President and CEO
Costco Wholesale CorporationSan Diego City College, California
By Evelyn L. Kent
Jim Sinegal is the guy in the white hat, the guy who heads the store everyone is crazy about. If he had a television show, it'd be called "Everyone Loves Jim."
Investors love him. Employees love him. Education proponents love him. Even the press fawns over him. The only folks who seem the slightest bit unhappy with the CEO and co-founder of Costco is the occasional Wall Street analyst.
The New York Times wrote in a July article, "One analyst, Bill Dreher of Deutsche Bank, complained last year that at Costco 'it's better to be an employee or a customer than a shareholder.'"
While that hasn't proven to be the case – in the last twelve months the price of Costco's shares has risen from $39 to $56 – Dreher's comment does show what a reputation Costco has for treating its employees well.
It is all part of a plan. "We pay good wages because that enables us to hire good people," Sinegal said. "You want to get great employees and get them to stay with you."
Sinegal is not overly concerned with Wall Street pundits because he is investing in the future. "We're not here with an exit strategy." Long-range planning includes bolstering the areas around Costco's 470 membership warehouse stores in the United States and abroad. "Even people who don't shop at Costco benefit from us being in the community," he said. That is, in part, because his stores drive prices down throughout the area.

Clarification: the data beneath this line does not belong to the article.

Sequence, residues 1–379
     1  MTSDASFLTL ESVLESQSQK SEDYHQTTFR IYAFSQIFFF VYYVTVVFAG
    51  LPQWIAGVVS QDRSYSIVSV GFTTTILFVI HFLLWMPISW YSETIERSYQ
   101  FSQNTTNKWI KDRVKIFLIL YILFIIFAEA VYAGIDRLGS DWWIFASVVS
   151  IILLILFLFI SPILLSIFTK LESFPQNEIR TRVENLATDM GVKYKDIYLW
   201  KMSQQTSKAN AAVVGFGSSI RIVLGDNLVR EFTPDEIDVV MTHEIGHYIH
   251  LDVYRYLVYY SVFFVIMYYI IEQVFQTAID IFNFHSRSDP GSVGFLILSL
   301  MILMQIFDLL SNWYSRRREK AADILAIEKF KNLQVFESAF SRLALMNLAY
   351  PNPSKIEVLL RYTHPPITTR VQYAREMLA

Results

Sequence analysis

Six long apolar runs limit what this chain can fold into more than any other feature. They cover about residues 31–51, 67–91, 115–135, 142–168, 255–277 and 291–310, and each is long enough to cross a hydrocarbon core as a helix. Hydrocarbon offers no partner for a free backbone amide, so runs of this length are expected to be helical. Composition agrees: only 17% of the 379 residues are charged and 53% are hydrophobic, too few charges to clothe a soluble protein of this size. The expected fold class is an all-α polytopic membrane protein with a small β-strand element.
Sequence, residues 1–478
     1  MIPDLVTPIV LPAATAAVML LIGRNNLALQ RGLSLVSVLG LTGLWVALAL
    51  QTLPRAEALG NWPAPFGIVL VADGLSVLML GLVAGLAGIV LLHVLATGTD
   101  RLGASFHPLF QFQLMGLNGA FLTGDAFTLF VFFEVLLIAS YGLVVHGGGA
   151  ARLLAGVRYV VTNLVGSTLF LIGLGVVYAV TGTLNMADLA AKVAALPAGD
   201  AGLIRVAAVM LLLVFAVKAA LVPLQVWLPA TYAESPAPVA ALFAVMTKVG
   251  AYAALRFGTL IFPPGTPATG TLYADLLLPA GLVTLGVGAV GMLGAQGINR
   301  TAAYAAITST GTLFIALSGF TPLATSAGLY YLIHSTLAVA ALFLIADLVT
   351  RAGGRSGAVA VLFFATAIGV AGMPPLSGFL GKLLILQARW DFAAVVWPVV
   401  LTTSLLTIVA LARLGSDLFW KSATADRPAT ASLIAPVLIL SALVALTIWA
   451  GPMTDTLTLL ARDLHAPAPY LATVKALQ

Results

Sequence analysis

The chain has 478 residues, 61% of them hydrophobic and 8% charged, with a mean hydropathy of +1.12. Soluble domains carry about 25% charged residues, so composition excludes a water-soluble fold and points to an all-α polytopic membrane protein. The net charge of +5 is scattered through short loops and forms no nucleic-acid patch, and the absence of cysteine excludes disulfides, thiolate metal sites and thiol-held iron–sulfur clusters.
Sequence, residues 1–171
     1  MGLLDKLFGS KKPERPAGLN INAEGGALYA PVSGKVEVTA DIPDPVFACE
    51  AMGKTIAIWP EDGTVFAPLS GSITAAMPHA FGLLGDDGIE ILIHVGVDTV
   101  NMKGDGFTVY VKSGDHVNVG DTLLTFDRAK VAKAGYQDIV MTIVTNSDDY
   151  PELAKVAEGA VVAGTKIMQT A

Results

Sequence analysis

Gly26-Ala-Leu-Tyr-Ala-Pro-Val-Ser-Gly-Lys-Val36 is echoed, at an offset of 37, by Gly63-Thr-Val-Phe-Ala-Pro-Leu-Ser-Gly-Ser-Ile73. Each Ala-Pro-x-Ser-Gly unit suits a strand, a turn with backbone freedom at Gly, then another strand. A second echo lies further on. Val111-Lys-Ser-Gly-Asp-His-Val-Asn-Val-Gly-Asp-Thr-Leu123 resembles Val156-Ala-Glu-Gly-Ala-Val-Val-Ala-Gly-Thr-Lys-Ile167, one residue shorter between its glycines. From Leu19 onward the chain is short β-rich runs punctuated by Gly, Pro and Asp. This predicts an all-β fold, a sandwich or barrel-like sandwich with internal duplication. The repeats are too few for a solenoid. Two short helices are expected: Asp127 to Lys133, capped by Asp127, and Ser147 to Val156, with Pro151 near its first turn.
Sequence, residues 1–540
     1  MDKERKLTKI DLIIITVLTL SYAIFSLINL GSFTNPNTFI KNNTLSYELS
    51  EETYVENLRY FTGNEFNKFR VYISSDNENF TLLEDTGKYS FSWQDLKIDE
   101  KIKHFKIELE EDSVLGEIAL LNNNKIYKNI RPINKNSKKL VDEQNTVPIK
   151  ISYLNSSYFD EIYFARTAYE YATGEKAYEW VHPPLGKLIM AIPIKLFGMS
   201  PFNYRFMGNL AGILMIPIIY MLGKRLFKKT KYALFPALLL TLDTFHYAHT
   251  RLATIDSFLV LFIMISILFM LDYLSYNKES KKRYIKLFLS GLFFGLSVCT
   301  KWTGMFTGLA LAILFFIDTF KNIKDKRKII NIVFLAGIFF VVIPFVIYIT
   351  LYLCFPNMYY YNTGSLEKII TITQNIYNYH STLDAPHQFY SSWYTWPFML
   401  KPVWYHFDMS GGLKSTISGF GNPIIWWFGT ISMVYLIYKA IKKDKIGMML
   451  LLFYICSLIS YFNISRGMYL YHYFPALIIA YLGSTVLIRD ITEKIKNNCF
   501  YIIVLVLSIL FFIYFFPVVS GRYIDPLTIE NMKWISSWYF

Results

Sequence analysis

Stockholders seem to agree with the man and his ideas. One, when told that Sinegal answers his own phone and makes his own appointments said, "That's why I own stock in the company." Perhaps it is such attitudes that led Dreher to call Costco a cult stock.
Sinegal got his start in discount retail while a student at San Diego City College in California. A one day gig unloading mattresses led to a full time job at a large discount retail chain, Fed-Mart. Eventually he worked his way up to the executive ranks as the chain's founder's protégé.
He has good memories of the school. "It was a great school. I think perhaps the best teacher I've ever had was at San Diego Junior College," he said.
Costco often recruits on community college campuses. Why? "Because so many of us started that way," Sinegal said. And many of them stay and grow with the company. "We foster development of people," Sinegal said. "One of the things that we are proudest of is that we have been able to assemble and develop a team capable of running a $50 billion company."
Part of that fostering is supporting education. The Costco Scholarship fund gives millions to students every year, and Sinegal is involved in many nonprofit academic ventures. He serves on the national board for United Negro College Fund and on the board for a small Seattle preparatory school for underachieving kids. He has served on the Board of Trustees of Seattle University and on the Washington Governor's Commission on Early Learning. The list goes on, as does Sinegal's ambition for his company and its employees and customers.